Solid Ground Board members get their hands dirty at Marra Farm

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Solid Ground’s Board of Directors‘ visit to Marra Farm on Saturday, 9/13/14 was more than just a quick stop by and tour. Board members rolled up their sleeves, turned compost, pulled weeds and invested in Marra Farm. Each Board member in attendance last Saturday now has a story to tell to friends, coworkers and potential funders about the investment they made in Marra Farm. The farm is no longer a place that exists on paper or in their minds; it’s something real and something to be excited about! The visit to Marra marks a shift in how each Board member thinks about the farm; they are connected and engaged.

As a former Executive Director of a small nonprofit, I know the value of an engaged Board of Directors. Gordon McHenry, Jr., no doubt, was proud of his team, and I am personally grateful for the time and effort each Board member contributed.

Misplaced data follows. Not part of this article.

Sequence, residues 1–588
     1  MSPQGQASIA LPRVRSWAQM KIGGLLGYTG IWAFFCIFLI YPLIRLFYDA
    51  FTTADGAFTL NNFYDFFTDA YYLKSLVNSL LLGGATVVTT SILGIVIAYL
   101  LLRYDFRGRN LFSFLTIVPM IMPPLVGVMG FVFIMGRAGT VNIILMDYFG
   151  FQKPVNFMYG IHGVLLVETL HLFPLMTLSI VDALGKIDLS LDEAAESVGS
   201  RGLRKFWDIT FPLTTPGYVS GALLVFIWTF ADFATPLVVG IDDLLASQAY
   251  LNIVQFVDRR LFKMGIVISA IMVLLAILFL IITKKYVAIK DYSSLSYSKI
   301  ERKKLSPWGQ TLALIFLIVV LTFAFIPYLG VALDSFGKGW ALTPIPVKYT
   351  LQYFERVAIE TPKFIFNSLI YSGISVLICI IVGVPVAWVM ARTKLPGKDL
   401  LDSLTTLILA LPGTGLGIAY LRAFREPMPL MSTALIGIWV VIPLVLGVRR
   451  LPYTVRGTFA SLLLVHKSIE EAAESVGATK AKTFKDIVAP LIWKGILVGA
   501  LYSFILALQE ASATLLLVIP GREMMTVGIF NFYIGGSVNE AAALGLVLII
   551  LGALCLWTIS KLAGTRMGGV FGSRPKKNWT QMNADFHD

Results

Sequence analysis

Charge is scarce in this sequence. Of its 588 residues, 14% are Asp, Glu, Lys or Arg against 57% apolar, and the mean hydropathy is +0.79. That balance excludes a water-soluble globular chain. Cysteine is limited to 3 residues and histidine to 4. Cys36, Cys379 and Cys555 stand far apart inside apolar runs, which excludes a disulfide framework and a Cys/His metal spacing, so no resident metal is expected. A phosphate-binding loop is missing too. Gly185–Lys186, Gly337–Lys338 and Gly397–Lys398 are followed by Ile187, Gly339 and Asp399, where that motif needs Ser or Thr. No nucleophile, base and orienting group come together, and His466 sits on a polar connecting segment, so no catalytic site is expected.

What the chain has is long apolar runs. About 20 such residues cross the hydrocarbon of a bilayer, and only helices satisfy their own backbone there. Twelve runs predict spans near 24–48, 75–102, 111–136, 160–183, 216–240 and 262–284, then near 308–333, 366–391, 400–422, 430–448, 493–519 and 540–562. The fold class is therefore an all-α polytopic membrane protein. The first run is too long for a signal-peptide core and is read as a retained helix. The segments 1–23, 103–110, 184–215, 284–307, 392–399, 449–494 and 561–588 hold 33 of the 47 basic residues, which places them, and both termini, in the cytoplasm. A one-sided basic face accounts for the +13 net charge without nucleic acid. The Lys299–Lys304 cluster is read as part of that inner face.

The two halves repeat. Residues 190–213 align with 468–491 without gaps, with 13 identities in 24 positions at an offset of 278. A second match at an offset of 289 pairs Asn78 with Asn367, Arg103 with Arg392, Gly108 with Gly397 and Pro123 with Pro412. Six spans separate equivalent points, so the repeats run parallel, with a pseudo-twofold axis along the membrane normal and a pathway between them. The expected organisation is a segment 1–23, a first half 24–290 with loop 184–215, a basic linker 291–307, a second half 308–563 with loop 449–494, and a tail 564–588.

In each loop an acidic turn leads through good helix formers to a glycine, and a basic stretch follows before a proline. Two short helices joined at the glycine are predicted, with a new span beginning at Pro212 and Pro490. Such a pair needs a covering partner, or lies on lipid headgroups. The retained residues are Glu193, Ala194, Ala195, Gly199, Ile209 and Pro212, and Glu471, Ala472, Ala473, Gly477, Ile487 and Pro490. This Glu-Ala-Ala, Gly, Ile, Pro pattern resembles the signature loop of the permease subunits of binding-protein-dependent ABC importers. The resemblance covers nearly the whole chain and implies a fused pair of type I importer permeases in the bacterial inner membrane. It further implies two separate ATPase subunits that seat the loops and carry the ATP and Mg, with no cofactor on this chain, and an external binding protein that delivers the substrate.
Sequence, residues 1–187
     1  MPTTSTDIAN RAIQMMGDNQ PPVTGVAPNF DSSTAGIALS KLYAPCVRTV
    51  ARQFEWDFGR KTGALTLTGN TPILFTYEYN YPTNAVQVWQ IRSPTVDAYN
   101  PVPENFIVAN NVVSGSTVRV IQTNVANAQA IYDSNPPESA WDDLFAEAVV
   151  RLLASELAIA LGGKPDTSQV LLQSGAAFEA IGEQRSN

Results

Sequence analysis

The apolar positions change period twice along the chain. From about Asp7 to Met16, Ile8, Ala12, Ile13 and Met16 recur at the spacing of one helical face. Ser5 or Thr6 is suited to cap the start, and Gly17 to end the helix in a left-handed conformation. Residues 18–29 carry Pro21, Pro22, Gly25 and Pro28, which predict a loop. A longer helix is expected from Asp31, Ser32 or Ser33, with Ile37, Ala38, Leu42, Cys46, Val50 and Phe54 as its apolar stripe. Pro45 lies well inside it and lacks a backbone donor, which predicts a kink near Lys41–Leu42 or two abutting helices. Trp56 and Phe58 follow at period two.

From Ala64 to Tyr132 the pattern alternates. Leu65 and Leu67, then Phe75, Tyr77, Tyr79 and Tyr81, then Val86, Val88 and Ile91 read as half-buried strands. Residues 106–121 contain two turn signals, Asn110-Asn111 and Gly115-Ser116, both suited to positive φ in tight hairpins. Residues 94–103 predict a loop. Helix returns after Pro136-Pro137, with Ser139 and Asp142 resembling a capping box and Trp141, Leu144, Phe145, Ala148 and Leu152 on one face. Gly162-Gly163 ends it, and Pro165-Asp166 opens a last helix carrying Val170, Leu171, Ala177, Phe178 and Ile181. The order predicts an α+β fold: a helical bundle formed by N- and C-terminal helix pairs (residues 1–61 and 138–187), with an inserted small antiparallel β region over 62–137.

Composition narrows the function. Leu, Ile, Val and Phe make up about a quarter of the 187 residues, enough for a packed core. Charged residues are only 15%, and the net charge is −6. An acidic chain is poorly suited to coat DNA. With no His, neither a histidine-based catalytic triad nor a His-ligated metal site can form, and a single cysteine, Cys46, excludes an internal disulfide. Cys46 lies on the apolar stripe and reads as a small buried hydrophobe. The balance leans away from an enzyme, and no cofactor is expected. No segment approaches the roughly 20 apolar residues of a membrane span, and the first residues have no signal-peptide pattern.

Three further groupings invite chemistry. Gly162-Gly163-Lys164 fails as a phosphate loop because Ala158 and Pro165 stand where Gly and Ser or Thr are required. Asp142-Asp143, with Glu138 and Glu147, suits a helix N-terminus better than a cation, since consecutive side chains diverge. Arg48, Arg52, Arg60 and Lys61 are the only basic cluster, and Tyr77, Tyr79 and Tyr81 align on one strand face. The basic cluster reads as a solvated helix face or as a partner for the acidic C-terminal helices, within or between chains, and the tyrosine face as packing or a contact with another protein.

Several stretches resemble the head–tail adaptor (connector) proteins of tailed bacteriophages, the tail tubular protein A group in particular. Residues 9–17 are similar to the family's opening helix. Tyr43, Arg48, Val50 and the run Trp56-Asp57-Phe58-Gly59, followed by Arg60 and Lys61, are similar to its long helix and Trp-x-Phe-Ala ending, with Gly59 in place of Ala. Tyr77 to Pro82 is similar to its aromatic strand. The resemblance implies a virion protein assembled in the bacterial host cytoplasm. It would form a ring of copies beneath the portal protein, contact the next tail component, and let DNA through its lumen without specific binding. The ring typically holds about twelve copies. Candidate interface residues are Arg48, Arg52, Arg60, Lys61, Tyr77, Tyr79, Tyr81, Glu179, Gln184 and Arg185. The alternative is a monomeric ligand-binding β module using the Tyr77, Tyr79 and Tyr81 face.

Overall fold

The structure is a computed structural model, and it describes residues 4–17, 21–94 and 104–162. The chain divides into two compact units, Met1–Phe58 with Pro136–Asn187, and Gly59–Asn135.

On behalf of the Lettuce Link team and the entire Marra Farm community, we thank all of the Board members in attendance and those that contributed in the planning and logistics of the day.

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Seattle Community Farm: classroom-style

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The Seattle Community Farm (SCF) is really something else. Most of my young adolescent life was spent going to school not too far away in Columbia City, but the neighborhood now is much more developed than it used to be. So I got lost.

But three light rail crossings and two U-turns later, a large recently installed sign told me that I’d arrived to a narrow (1/2-acre) strip of land that would otherwise be overgrown with blackberry bushes and giantess maple-looking trees. The strip has been turned into a full-blown farm in which 100% of the produce goes to local residents of the Rainier Vista housing development in the Rainier Valley neighborhood and the Rainier Valley Food Bank.